HANTA Virus | History | Vector and Spread


Hanta Virus

China has reported the death of a person from Yunnan Province who tested positive for the Hantavirus.

What is Hanta virus ?

  • The Hanta virus are a family of viruses spread mainly by rodents. It is contracted by humans from infected rodents.
  • Cases of the Hanta virus in humans occur mostly in rural areas where forests, fields and farms offer suitable habitat for infected rodents.
  • A person can get infected if he/she comes in contact with a rodent that carries the virus.
  • In the US and Canada, for instance, the Hantavirus carried by the deer mouse is responsible for the majority cases of the Hantavirus infection.
  • Like this, there are various other kinds of Hantaviruses that find hosts in rodents, like the white-footed mouse and the cotton rat among others that may lead to infections in humans if transmitted.


  • Hantavirus was originally discovered in Asia during the Korean War. 
  • The actual virus was not isolated until 20 years later, in 1976. 
  • It was discovered in a striped field mouse near the Hantan River in South Korea.
  • Hence the prototype was christened the Hantan virus.
  • They were first detected in May 1993 in southwestern United States. 
  • Hantaviruses in the Americas are known as “New World” Hantaviruses.
  • Others are known as “Old World” Hantaviruses and are found mostly in Europe and Asia.
  • They are about a hundredth the size of bacteria. 
  • They are also an RNA virus just like SARS-CoV-2 (the novel corona virus).

Vector and Spread:

Hantavirus is spread from several species of rodents in their urine, droppings, and saliva. It is thought that transmission occurs when they breathe in air contaminated with the virus. There is no human to human transmission, except for one virus, the Andes Virus, which spreads between people.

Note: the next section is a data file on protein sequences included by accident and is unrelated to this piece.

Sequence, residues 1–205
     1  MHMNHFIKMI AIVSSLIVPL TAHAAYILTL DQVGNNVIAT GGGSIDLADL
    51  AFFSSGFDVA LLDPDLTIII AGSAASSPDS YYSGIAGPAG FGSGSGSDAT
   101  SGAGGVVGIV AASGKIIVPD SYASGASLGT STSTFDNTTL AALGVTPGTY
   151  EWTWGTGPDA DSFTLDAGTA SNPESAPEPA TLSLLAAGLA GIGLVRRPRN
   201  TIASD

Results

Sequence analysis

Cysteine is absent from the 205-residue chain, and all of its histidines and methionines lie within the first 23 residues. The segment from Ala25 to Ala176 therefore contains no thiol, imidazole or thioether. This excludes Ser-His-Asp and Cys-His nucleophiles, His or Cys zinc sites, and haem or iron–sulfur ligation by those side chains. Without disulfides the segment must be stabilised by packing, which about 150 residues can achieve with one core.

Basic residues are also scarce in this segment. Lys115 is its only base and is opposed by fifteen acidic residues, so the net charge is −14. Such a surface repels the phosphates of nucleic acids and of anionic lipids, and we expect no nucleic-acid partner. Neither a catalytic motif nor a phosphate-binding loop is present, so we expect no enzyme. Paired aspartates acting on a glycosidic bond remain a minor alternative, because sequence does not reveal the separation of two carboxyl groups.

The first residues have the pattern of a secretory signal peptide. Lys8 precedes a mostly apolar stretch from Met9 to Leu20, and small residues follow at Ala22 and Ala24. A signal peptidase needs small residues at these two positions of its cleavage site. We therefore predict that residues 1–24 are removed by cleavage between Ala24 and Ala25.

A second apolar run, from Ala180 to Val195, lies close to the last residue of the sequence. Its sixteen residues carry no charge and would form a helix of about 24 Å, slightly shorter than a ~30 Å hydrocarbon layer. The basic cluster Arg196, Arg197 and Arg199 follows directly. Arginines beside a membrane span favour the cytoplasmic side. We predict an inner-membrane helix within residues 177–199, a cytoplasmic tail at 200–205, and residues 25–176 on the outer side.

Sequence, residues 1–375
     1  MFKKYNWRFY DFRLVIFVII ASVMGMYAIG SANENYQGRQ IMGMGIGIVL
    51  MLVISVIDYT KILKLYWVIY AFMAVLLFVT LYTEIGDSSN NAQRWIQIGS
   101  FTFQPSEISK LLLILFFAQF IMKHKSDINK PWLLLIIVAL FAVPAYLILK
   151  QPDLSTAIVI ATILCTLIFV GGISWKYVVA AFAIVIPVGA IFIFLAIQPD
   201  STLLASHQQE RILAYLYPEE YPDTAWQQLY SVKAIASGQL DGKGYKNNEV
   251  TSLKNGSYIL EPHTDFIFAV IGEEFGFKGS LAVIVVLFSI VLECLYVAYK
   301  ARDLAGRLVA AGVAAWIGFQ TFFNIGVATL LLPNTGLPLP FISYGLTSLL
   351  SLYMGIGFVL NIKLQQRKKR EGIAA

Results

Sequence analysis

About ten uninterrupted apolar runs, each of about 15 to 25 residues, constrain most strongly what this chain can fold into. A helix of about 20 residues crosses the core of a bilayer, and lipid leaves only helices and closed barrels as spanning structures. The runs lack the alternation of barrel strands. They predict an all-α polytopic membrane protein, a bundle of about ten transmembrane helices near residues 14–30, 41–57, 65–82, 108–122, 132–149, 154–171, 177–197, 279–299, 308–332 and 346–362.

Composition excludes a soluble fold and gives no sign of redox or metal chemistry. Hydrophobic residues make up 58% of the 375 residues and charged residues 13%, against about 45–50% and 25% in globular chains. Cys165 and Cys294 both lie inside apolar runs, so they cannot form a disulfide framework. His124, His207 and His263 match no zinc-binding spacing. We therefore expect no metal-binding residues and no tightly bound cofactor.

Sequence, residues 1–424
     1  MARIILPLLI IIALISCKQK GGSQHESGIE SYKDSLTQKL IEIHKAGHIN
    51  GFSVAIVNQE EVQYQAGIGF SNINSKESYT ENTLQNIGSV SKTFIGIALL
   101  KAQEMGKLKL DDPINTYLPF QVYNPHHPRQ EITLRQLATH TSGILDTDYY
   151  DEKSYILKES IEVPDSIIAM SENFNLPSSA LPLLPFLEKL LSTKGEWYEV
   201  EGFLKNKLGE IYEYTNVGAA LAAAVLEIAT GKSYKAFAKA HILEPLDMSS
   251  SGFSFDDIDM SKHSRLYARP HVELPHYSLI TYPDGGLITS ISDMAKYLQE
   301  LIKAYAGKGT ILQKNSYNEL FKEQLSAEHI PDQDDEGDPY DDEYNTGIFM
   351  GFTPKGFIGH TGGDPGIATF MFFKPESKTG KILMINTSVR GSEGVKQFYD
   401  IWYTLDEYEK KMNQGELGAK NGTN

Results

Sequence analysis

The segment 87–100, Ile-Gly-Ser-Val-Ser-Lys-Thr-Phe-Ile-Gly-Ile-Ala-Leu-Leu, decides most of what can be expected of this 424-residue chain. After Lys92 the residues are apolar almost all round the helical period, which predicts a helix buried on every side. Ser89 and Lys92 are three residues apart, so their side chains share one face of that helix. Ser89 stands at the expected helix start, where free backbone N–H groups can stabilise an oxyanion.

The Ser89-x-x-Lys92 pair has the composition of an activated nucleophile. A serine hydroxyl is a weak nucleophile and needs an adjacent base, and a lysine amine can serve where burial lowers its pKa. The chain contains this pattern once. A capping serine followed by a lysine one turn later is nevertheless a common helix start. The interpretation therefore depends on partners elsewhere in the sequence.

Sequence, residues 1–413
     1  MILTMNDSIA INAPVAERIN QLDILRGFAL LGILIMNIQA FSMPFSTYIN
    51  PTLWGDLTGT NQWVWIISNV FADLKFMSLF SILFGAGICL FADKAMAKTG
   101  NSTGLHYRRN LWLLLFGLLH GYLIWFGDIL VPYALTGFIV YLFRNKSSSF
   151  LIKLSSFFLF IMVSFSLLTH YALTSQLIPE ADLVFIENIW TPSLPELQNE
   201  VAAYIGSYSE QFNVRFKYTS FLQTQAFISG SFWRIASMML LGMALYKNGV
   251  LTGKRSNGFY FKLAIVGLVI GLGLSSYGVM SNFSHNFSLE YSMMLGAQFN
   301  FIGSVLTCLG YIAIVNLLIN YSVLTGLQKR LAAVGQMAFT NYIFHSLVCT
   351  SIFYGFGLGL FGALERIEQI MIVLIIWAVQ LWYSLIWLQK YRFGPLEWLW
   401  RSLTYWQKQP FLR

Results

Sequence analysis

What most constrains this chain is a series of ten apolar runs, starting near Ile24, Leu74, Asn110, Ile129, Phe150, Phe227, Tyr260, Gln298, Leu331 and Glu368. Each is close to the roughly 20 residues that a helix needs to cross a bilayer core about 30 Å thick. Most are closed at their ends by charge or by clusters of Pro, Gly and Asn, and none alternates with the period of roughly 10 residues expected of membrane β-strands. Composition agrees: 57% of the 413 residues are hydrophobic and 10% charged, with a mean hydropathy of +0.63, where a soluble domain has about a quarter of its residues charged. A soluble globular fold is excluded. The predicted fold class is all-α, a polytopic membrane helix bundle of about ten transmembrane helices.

According to the US Centre for Disease Control and Prevention (CDC) reports:

  • If a rodent with the virus bites someone, the virus may be spread to that person, but this type of transmission is rare;
  • People may be able to get the virus if they touch something that has been contaminated with rodent urine, droppings, or saliva, and then touch their nose or mouth;
  • It is suspected that people can become sick if they eat food contaminated by urine, droppings, or saliva from an infected rodent.
  • Hantavirus infections are prevalent all over the world, except for Australia from where no cases have been reported so far. South America sees the highest incidences of cases, followed by North America.

Hanta Virus


  • A person infected with the virus may show symptoms within the first to eighth week after they have been exposed to fresh urine, faeces or the saliva of infected rodents.
  • Symptoms may include fever, fatigue, muscle aches, headaches, chills and abdominal problems.
  • Four to ten after being infected, late symptoms of HPS may start to appear, which include coughing and shortness of breath.

Mortality risk:

  • It is the cause of Hantavirus pulmonary disease (HPS), a severe respiratory disease. The HPS can be fatal and has a mortality rate of 38 per cent.
  • It remains unclear whether human-to-human transmission of the virus is possible.
  • There have been no reports of human-to-human transmission of Hantavirus in the US.